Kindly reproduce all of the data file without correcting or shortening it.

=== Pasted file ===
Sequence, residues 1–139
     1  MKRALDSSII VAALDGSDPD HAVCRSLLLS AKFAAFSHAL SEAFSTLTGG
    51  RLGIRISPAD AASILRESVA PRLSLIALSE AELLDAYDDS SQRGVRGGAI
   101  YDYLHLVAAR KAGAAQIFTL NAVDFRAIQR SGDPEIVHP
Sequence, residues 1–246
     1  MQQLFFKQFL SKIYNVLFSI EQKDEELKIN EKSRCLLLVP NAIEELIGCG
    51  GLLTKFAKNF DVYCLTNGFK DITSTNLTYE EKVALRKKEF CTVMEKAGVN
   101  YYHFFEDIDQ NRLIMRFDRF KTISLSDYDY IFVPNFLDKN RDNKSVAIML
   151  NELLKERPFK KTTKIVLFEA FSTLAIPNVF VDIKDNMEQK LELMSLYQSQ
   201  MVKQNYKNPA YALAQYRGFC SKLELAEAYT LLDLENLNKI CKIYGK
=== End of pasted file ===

Sequence, residues 1–139
     1  MKRALDSSII VAALDGSDPD HAVCRSLLLS AKFAAFSHAL SEAFSTLTGG
    51  RLGIRISPAD AASILRESVA PRLSLIALSE AELLDAYDDS SQRGVRGGAI
   101  YDYLHLVAAR KAGAAQIFTL NAVDFRAIQR SGDPEIVHP
Sequence, residues 1–246
     1  MQQLFFKQFL SKIYNVLFSI EQKDEELKIN EKSRCLLLVP NAIEELIGCG
    51  GLLTKFAKNF DVYCLTNGFK DITSTNLTYE EKVALRKKEF CTVMEKAGVN
   101  YYHFFEDIDQ NRLIMRFDRF KTISLSDYDY IFVPNFLDKN RDNKSVAIML
   151  NELLKERPFK KTTKIVLFEA FSTLAIPNVF VDIKDNMEQK LELMSLYQSQ
   201  MVKQNYKNPA YALAQYRGFC SKLELAEAYT LLDLENLNKI CKIYGK